The Secretary of State to the Acting Secretary of State (Grew)
Argonaut 147 Top Secret. For Acting Secretary of State from Secretary Stettinius. To be delivered immediately.
1. The conference has agreed upon our proposal on voting procedure and we are to consult China and France on behalf of the other two powers. The date of the United Nations Conference has been fixed for April 25, 1945, and the location at San Francisco. The substance of the foregoing will be announced in the communiqué to be issued Monday night for Tuesday morning’s papers although the communiqué will not itself state that the voting procedure agreed upon was proposed by the United States. It is however understood that we are at liberty, simultaneously with the release of the communiqué, to state that our proposal on voting procedure was the one that was adopted.1 Mr. Early is separately taking care of this latter statement but if there is any slip up in his communications you will wish to make that fact public at the time the communiqué is issued.
2. It is of the utmost urgency that our consultations with China and France be as brief as possible because of the intense interest which will be aroused throughout the world as to the substance of the voting provisions which are not to be made public until the consultation is completed. Mr. Eden said at this afternoon’s final meeting that he hoped the consultation could be completed within forty-eight hours. This will give you an indication of the urgency with which this matter must be treated.
3. The text of the invitation as agreed upon reads as follows:—
“The government of the United States of America, on behalf of itself and of the governments of the United Kingdom, the Union of Soviet Socialist Republics, and the Republic of China and of the Provisional Government of the French Republic, invites the Government of blank to send representatives to a conference of the United Nations to be held on April 25, 1945, or soon thereafter, at San Francisco in the United States of America to prepare a charter for a general international organization for the maintenance of international peace and security.[Page 944]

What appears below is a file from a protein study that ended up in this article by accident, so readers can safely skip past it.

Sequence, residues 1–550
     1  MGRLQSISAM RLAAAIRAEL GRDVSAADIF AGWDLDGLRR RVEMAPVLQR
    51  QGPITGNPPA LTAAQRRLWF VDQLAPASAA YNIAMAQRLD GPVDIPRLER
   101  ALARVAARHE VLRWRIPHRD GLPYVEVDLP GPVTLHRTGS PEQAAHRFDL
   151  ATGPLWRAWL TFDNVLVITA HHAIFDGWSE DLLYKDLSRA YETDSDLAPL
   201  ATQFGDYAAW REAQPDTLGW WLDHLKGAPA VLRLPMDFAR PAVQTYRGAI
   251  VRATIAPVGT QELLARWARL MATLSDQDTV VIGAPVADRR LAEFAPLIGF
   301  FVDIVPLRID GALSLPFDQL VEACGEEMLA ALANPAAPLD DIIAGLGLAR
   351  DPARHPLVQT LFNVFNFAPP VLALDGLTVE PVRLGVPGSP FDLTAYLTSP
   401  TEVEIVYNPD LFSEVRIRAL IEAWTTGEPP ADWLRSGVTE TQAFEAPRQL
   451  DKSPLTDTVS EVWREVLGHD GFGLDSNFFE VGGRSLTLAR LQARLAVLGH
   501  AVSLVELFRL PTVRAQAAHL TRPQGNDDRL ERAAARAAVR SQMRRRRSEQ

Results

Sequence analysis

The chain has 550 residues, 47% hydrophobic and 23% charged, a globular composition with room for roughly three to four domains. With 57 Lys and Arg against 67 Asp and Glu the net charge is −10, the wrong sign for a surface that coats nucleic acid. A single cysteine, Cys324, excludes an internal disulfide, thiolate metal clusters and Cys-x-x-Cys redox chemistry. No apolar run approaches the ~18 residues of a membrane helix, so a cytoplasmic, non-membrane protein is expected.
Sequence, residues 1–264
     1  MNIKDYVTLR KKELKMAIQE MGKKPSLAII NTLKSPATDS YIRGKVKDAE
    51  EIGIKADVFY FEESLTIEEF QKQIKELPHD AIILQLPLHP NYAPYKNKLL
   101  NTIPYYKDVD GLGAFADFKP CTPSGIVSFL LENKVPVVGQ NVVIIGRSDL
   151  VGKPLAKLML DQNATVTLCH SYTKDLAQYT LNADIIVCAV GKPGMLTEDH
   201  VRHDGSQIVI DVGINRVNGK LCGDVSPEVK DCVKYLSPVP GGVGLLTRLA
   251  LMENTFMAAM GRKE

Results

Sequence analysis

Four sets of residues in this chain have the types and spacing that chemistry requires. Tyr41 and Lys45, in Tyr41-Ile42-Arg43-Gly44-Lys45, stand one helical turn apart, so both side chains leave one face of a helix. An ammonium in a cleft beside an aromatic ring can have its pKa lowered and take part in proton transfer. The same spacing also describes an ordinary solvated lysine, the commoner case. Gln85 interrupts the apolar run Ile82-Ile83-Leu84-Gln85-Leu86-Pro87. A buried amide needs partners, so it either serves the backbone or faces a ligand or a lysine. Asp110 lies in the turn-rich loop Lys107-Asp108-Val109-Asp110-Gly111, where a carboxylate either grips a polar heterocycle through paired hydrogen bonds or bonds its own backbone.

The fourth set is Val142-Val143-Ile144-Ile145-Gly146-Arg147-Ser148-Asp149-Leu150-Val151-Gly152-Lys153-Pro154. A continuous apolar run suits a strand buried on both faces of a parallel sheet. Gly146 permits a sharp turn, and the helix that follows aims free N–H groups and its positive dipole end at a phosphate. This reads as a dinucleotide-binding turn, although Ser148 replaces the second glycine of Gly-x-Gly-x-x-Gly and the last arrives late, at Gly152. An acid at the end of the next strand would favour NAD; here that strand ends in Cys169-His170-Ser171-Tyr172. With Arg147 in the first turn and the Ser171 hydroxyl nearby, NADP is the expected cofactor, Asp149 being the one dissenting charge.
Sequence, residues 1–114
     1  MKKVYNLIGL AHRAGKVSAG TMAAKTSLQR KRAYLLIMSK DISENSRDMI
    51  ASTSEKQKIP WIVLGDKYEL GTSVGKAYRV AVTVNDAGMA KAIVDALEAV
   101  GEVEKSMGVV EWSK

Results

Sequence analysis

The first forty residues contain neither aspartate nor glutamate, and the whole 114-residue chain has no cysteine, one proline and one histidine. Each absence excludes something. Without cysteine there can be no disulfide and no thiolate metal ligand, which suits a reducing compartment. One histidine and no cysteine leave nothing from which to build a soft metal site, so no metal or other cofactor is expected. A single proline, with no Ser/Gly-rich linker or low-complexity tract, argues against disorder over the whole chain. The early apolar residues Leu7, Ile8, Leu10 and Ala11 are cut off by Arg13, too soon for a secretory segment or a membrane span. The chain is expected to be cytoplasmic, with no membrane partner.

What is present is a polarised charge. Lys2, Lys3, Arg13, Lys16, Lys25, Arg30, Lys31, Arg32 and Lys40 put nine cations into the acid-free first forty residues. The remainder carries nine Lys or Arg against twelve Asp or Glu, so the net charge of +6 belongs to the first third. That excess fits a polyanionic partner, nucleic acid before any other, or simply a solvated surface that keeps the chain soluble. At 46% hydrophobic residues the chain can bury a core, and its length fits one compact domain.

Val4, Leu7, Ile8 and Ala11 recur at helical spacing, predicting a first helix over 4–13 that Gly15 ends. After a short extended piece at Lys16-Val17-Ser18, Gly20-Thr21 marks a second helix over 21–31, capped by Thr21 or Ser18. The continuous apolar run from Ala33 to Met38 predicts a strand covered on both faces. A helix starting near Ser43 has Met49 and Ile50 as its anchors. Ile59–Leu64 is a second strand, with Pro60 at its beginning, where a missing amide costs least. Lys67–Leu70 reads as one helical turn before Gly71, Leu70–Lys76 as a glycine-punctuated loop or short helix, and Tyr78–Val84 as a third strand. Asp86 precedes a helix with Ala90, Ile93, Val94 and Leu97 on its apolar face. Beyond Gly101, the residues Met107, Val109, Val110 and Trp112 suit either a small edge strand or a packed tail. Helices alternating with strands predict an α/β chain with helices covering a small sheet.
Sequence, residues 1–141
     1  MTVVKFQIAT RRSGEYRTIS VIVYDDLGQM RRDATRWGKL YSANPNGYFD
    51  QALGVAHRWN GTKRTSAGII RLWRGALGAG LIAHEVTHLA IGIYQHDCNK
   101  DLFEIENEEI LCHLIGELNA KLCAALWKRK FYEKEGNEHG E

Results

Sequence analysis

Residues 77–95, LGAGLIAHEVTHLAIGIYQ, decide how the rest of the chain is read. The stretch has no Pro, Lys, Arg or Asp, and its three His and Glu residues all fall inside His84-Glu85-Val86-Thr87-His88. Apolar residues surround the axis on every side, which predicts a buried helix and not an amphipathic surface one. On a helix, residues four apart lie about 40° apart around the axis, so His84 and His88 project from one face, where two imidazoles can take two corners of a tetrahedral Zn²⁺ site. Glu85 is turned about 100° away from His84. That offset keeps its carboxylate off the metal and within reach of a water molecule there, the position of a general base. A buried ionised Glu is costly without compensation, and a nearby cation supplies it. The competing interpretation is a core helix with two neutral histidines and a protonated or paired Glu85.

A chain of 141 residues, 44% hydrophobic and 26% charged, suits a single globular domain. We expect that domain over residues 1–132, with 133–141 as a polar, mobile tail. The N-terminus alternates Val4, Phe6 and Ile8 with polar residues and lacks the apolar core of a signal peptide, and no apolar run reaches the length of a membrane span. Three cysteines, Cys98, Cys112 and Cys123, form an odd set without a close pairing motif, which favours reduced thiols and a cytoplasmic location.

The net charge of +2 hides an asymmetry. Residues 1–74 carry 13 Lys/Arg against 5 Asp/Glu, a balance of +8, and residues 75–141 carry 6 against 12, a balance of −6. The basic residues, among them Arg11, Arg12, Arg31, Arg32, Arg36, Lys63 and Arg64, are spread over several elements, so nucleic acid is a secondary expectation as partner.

“The above named governments suggest that the conference consider as affording a basis for such a charter the proposals for the establishment of a general international organization, which were made public last October as a result of the Dumbarton Oaks Conference, and which have now been supplemented by the following provisions for Section C of Chapter VI:—
“‘C. Voting:—1. Each member of the Security Council should have one vote. 2. Decisions of the Security Council on procedural matters should be made by an affirmative vote of seven members. 3. Decisions of the Security Council on all other matters should be made by an affirmative vote of seven members including the concurring votes of the permanent members; provided that, in decisions under Chapter VIII, Section A and under the second sentence of Paragraph 1 of Chapter VIII, Section C, party to a dispute should abstain from voting.’
“Further information as to arrangements will be transmitted subsequently. In the event that the government of blank desires in advance of the conference to present views or comments concerning the proposals, the government of the United States of America will be pleased to transmit such views and comments to the other participating governments.”
4. It was also agreed that the nations to be invited to the United Nations Conference should be the United Nations as they existed on February 8th, 1945, and such of the associated nations and Turkey as have declared war on the common enemy by March 1, 1945. This explains my recent urgent wire to you about the Latin American associated nations.2
5. It was also agreed that the five governments with permanent seats in the Security Council should consult each other prior to the United Nations Conference on providing machinery in the World Charter for dealing with territorial trusteeships which could apply only to (a) existing mandates of the League of Nations; (b) territory to be detached from the enemy as a result of this war; and (c) any other territory that may voluntarily be placed under trusteeship.
It was further agreed that no discussions of specific territories will take place during the preliminary consultations on trusteeships or at the United Nations Conference itself. Only machinery and principles of trusteeship will be formulated at the Conference for inclusion in [Page 945]the Charter and it will be a matter for subsequent agreement as to which territories within the categories specified above will actually be placed under trusteeship. I think that this subject should also be covered in your consultations with China and France.
“The Secretary urged that immediate action be taken to have our Embassies inform the six Latin American ‘Associated Nations’ of the possibility that they may be excluded from initial participation in the forthcoming United Nations Conference, unless they declare war on Germany or Japan, or both.”
6. We are relying on you to conduct the consultation with France and China in such manner as seems to you most effective and most expeditious and thereafter to publish the text of the voting provisions in concert with the other four powers.
7. I am leaving tonight for Moscow for a visit of only one or two days and can be reached through the Embassy. Please cable me summary of press and other public reaction to the communiqué as soon as it is available.
8. Allstate Horseshoe.
- See ante, pp. 927– 928.↩
- Ante, pp. 794, 797. A notation concerning the preparation of this telegram may be found ante, p. 782. As early as January 10, 1945, a memorandum (740.0011EW/1–1045) had been sent by the Executive Secretary of the Secretary’s Staff Committee (Rothwell) to Assistant Secretary Rockefeller, containing the following paragraph:↩